It’s easy to justify driving your car when you’re going to Costco to pick up a shipping container’s-worth of food and paper products. But I was just going to buy a little camera and decided to take my bicycle. I used to ride it daily, but it’s been moldering in the basement for a while. At the last minute Dave surprised me by offering to join me.
Our route took us along the Columbia River on a dedicated bike path. It was swell! It was grand! The temperature was mild, ospreys wheeled in the sky, herons struck picturesque poses along the shoreline, wishes were lavishly granted. I marveled once again at what a wonderful invention was the bicycle: with almost no effort at all, we were gliding along at a nice clip, with Mt. Hood smiling in the blue in front of us. We were strong! We were sailing! There was no limit to our powers! We rolled smugly through the acres of SUVs at the Costco parking lot and found, to our amazement, a bike rack right out front. It didn’t have a scratch on it. I bought my camera and we headed home.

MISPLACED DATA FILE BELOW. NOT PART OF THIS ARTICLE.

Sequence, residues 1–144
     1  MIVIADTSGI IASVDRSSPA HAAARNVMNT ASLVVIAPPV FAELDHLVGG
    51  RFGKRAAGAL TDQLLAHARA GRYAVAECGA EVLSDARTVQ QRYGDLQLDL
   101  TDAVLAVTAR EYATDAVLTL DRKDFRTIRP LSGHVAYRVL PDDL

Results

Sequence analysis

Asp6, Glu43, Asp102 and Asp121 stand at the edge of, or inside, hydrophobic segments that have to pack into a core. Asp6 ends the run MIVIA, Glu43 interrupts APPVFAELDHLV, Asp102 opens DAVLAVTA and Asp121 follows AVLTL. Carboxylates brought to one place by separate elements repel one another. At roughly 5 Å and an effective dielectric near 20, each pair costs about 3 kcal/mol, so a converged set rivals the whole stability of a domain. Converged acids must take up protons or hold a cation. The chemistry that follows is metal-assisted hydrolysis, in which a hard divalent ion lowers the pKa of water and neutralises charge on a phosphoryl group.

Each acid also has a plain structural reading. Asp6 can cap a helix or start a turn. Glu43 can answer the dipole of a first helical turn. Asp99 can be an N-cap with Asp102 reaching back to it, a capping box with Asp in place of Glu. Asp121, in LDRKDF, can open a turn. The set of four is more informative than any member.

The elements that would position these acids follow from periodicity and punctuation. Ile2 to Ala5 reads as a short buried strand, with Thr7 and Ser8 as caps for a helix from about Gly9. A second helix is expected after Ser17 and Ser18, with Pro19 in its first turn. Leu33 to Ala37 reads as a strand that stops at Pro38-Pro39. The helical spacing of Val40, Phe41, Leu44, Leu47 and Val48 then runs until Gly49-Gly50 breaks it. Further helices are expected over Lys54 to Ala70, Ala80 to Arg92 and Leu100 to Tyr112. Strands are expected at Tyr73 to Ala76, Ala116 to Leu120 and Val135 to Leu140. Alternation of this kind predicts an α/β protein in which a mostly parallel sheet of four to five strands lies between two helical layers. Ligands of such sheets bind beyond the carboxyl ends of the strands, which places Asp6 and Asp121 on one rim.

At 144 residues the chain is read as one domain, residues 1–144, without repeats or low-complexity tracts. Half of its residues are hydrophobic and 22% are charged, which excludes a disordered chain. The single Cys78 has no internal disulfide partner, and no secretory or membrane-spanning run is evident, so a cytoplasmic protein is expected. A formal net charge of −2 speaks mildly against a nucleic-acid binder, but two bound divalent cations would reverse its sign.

Within a few blocks we were back on Marine Drive and nothing was right. We ran into something a lot like Shinola. We were pressing miserably into the wind, pedaling hard just to stay ahead of our own dark impulses. Here’s the thing. When the wind is at your back, you don’t even notice it. You think you have superpowers. But a headwind is debilitating. You’ll brave the rain; you understand the rain. You’re fine with pushing up a mountain; you understand a mountain. You expect to work harder when you’ve loaded up your saddlebags with heavy things. But you can’t see a headwind. You can only feel it, and it feels pervasive, and wrong, and deeply unfair.